The Lucas County Board of Elections will meet a Dec. 1 deadline to count the 216,453 votes cast in the Nov. 2 general election and to certify the results, board Chairman Bernadette Noe vowed yesterday.
But she told fellow board members in a planning meeting yesterday, "I have no confidence that we know what we're doing to get to Dec. 1."
She said she was upset that the elections staff has no realistic plan to make sure all the votes are properly accounted for in time to meet the deadline. The board directed staff leaders to develop one swiftly. Local elections officials are allowed to begin their "official count" of ballots Saturday morning.
During the official count, elections workers laboring in teams made up of one Democrat and one Republican recheck the vote tallies from election night.
They first check poll books to make sure the numbers and signatures of voters in each of the county's 495 precincts match their number and signatures on file. If discrepancies are found in the poll books, workers must resolve them before moving forward.
They then re-scan all of the optical scan ballots one at a time, checking to make sure each vote is properly counted. Once a team completes the fresh count of a precinct's votes, they each sign off on the accuracy of the count and move on to the next.
Paula Hicks-Hudson, director of the elections office, said more than 20 teams will undertake the count.
Ms. Hicks-Hudson said she is concerned that, to meet the state deadline, the elections board may have to incur tens of thousands of dollars in new expenses to hire extra workers, including workers hired through temporary staffing firms, which, she said, are more expensive.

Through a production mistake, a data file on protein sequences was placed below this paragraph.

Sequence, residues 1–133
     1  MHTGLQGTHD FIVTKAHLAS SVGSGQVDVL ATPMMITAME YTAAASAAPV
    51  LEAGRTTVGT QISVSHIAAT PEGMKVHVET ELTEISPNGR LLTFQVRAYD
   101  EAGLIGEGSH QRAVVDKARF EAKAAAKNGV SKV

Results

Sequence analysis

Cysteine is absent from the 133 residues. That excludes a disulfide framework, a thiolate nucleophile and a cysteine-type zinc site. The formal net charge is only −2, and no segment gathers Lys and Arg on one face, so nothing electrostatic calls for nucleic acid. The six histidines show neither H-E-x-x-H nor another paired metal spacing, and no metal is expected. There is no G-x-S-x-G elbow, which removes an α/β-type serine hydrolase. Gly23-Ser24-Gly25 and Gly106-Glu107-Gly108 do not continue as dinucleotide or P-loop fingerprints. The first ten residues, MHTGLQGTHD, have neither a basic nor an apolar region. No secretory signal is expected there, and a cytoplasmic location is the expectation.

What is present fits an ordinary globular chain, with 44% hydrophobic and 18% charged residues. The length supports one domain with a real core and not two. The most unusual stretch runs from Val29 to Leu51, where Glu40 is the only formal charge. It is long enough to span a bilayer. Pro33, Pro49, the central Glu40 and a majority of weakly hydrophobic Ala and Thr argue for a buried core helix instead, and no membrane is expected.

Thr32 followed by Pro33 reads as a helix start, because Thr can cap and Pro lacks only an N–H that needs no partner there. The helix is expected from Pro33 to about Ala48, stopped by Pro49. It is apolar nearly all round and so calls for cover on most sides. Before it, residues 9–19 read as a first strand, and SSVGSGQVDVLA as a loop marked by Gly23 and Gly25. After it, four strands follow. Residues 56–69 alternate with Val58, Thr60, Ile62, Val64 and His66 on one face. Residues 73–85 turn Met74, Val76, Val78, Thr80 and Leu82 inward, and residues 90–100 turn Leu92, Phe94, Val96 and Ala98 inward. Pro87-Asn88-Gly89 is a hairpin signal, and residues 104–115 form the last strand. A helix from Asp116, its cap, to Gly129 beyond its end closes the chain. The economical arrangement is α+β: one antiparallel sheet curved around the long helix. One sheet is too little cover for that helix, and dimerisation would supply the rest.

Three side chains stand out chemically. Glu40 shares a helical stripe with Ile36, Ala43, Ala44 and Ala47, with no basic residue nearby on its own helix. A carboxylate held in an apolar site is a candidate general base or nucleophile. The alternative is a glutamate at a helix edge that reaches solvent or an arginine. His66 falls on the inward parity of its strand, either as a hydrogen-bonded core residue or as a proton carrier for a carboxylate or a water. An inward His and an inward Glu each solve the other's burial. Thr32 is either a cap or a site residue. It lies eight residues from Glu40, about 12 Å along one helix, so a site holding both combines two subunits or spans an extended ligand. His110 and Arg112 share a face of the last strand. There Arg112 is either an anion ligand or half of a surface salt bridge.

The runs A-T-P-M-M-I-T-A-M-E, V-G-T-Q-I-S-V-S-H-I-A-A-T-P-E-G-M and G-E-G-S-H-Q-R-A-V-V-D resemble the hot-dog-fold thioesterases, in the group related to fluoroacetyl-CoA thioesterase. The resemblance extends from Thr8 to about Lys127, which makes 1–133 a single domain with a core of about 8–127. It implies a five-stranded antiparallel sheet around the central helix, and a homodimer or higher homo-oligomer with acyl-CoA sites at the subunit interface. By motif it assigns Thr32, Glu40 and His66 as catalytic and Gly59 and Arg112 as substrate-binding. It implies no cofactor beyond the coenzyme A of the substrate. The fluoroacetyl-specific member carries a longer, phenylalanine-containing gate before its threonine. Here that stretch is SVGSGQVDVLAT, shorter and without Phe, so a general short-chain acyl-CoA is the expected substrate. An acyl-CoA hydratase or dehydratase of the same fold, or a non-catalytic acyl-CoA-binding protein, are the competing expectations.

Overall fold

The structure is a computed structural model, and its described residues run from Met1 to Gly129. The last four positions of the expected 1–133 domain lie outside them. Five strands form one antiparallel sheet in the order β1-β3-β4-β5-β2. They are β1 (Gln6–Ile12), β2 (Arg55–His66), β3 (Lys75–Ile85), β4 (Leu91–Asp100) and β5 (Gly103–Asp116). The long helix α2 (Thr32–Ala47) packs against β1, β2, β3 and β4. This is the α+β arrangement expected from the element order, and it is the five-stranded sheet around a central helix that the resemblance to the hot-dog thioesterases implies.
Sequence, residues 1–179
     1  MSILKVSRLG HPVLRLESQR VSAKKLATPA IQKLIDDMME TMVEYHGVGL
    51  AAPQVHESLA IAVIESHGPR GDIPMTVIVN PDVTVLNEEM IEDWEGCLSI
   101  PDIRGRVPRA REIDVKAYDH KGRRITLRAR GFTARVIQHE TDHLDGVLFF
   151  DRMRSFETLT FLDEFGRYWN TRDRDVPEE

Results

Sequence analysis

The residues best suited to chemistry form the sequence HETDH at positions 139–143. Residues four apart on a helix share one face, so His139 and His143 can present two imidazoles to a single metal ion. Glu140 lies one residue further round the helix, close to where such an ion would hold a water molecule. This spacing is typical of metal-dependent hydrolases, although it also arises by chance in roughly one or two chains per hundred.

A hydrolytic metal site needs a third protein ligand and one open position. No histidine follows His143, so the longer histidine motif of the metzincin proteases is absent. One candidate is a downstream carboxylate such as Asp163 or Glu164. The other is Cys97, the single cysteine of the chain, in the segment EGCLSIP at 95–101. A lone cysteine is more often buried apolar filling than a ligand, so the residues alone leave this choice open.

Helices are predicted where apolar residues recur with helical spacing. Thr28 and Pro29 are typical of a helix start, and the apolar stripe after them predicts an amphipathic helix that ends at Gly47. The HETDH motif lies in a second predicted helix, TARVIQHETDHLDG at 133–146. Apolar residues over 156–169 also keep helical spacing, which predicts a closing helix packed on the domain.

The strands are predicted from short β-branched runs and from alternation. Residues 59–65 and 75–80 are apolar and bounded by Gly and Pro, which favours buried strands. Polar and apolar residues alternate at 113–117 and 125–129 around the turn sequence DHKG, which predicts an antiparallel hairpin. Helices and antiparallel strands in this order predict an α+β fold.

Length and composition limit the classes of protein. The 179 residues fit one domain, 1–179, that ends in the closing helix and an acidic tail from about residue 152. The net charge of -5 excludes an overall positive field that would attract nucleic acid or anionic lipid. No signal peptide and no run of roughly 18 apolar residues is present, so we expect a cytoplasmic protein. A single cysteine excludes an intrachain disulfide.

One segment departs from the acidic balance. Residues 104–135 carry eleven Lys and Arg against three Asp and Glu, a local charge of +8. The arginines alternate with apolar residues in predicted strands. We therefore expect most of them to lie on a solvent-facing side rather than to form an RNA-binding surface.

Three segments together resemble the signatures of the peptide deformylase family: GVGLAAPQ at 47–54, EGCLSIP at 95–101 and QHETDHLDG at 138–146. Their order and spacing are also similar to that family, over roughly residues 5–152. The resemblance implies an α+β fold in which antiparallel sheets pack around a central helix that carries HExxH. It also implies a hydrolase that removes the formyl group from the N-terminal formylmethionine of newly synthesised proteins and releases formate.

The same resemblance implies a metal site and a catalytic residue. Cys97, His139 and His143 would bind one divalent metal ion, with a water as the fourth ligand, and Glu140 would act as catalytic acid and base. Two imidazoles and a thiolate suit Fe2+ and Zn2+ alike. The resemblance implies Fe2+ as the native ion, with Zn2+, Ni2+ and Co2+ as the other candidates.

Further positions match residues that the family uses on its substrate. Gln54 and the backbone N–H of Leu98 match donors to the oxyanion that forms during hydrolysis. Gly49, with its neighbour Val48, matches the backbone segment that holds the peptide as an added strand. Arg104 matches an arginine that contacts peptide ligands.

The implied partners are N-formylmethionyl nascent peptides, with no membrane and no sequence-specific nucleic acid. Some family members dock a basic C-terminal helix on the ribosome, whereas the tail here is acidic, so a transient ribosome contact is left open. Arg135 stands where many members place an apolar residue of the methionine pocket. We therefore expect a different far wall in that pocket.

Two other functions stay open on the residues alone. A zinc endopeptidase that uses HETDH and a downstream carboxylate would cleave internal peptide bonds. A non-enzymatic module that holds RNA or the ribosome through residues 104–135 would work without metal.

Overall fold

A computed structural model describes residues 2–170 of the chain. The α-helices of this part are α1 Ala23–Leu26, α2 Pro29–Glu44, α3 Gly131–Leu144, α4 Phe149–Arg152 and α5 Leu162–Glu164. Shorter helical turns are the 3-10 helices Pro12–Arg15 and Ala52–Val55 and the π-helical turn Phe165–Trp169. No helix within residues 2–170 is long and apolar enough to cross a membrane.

In preparing for the November election, the elections board incurred more than $30,000 in extra personnel costs paid to temporary staffing companies, said Jill Kelly, deputy director of the board.
"We are going to need additional funds. It's going to be quite costly," she said.
The board agreed to allow her to seek more money from the Board of County Commissioners.
Election boards around the state are adding up costs for what was likely the most expensive election in Ohio history.
In Cuyahoga County, commissioners approved additional spending of $1.5 million to pay for election board overtime and other expenses.
In Allen County, the election board exceeded its $500,000 budget by almost $150,000, hiring double the normal amount of part-time workers.
The county again used optical scan paper ballots in the election, which have proven to be expensive to print and time-consuming to count.
The tabulators are under lease from Diebold Election Services, and will be replaced by electronic touch-screen machines, perhaps as early as next year.
A staff report to the elections board members included an update on the research into whether provisional ballots cast on election day are valid.
Of the 1,548 investigated so far, fewer than half - 709 - were considered to be valid.
Of those found to be disqualified, 494 were cast by people not registered to vote; 218 were cast in the wrong precinct; 57 did not include a required statement by the voter affirming that they are qualified to vote, and 29 were found to contain signatures different from the signature the voter had on file, said Ms. Hicks-Hudson. She added that 41 provisional ballot envelopes were deemed to be empty.
Overall in Lucas County, 6,719 provisional ballots were cast.
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